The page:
+ (0.019993-0.000101T)sin(2M) + 0.000290sin(3M)
Ltrue = (Lo + C) mod 360
f = M + C
R=1.000001018(1 - e2)/[1 + ecos(f)]

These equations give angular values in degrees for Lo, M, C, Ltrue, and f. Note that trigonometric functions in computer programming languages and spreadsheet functions typically expect angles to be expressed in radians, not degrees. So, when M and f are used as arguments in a trigonometric function, they should almost certainly be converted to radians:

radians = (degrees)(π/180)

Next, calculate the mean sidereal time, the angular position (hour angle) of the point where the ecliptic plane intersects the equator.

sidereal=280.46061837 + 360.98564736629 (JD-2451545) + 0.000387933 T2 - T3/38710000
sidereal --> sidereal mod 360

Next, calculate the obliquity of the ecliptic, that is, the angle between the equatorial and the ecliptic planes.

obliquity = 23 + 26/60 + 21.448/3600 - (46.8150/3600)T - (0.00059/3600)T2 + (0.001813/3600)T3

Finally, convert the sun's position from ecliptic to Earth equatorial (longitude and latitude) coordinates.

right ascension = arctan[tan(Ltrue) cos(obliquity)]
declination=arcsin[sin(obliquity sin(Ltrue)]
hour angle=sidereal + observer longitude - right ascension
azimuth = arctan(y/x) where           y = sin(hour angle)
          x = cos(hour angle) sin(observer latitude) - tan(declination) cos(observer latitude)

The warning about trigonometric functions expecting angles expressed in radians still applies. Note that the azimuth needs to be expressed as a value between 0 and 360, or -180 and 180. To do this, consider that the tangent of an angle is y/x. Typically, programming languages and spreadsheets include arctangent functions that require both the x and y coordinates to be specified so the function can consider the sign of each component to determine the proper quadrant for the result.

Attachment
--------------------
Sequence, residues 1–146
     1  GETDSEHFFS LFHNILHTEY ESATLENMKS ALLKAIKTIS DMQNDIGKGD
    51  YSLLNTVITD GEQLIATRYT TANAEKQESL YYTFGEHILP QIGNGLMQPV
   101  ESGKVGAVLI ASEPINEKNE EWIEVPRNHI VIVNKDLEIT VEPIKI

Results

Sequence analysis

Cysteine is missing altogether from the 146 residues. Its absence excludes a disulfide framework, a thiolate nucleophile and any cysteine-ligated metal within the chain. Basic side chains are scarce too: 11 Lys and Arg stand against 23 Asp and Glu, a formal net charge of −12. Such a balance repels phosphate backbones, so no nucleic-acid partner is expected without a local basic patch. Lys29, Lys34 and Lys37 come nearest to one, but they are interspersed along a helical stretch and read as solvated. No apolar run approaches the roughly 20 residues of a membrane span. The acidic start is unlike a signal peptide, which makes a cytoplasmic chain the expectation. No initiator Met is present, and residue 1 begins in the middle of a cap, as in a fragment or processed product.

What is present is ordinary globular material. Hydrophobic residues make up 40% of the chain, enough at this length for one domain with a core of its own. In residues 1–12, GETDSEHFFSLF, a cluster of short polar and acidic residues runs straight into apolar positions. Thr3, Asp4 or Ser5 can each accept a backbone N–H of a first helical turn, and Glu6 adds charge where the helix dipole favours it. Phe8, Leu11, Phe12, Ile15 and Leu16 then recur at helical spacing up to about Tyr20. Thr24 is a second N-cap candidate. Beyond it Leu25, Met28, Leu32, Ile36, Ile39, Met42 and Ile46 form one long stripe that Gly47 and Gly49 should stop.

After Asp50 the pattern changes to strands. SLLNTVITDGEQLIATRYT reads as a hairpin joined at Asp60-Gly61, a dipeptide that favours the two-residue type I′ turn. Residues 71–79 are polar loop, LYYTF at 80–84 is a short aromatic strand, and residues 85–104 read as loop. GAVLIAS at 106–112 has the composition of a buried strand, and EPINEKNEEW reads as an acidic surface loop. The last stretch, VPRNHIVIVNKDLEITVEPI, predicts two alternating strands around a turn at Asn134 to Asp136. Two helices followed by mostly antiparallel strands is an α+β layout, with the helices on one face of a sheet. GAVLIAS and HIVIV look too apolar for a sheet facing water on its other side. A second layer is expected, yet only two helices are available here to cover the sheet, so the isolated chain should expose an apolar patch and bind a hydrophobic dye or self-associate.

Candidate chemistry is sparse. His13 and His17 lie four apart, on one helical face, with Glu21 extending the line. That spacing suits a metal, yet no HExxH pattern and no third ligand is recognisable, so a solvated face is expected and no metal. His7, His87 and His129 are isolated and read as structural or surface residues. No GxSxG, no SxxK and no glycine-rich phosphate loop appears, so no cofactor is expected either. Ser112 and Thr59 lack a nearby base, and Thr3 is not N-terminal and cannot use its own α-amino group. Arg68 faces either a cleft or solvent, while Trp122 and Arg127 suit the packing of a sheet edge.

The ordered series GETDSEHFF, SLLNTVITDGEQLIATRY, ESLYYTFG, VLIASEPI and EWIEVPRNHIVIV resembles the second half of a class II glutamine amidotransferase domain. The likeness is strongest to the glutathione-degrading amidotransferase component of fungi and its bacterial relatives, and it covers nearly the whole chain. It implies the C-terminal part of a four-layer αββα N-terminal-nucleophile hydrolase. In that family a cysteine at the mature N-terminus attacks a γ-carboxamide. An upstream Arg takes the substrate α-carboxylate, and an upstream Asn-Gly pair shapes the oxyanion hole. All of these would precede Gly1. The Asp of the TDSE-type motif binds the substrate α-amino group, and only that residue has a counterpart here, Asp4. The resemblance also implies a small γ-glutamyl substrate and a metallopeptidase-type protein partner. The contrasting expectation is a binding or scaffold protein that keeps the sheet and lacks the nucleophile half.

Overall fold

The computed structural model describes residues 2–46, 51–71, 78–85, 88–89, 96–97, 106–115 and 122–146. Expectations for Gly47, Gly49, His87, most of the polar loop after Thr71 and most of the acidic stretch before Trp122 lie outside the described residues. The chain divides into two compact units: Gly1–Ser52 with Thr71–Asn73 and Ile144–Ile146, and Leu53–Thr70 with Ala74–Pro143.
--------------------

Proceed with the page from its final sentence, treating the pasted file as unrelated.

elevation (radians) = arcsin[sin(observer latitude) sin(declination) + cos(observer latitude) cos(declination) cos(hour angle)]
zenith = 90 - elevation (degrees)

The relative air mass is defined by the solar elevation or zenith angle. It is approximately 1/sin(elevation). At an elevation angle of 90, this expression is no longer mathematically defined. Also, as the sun gets closer to the horizon, Earth's curvature and the refraction of the atmosphere impose corrections on this simple formulation. For example, because of atmospheric refraction, the sun is still visible even when it is physically below the horizon. Here is a formulation by Young [1994], in terms of solar zenith angle (z), that does not become undefined at 90, and that takes into account curvature and refraction:

m = [1.002432 cos(z)2 + 0.148386 cos(z) +0.0096467]/ [cos(z)2 + 0.149864 cos(z)2 + 0.0102963 cos(z)+0.000303978]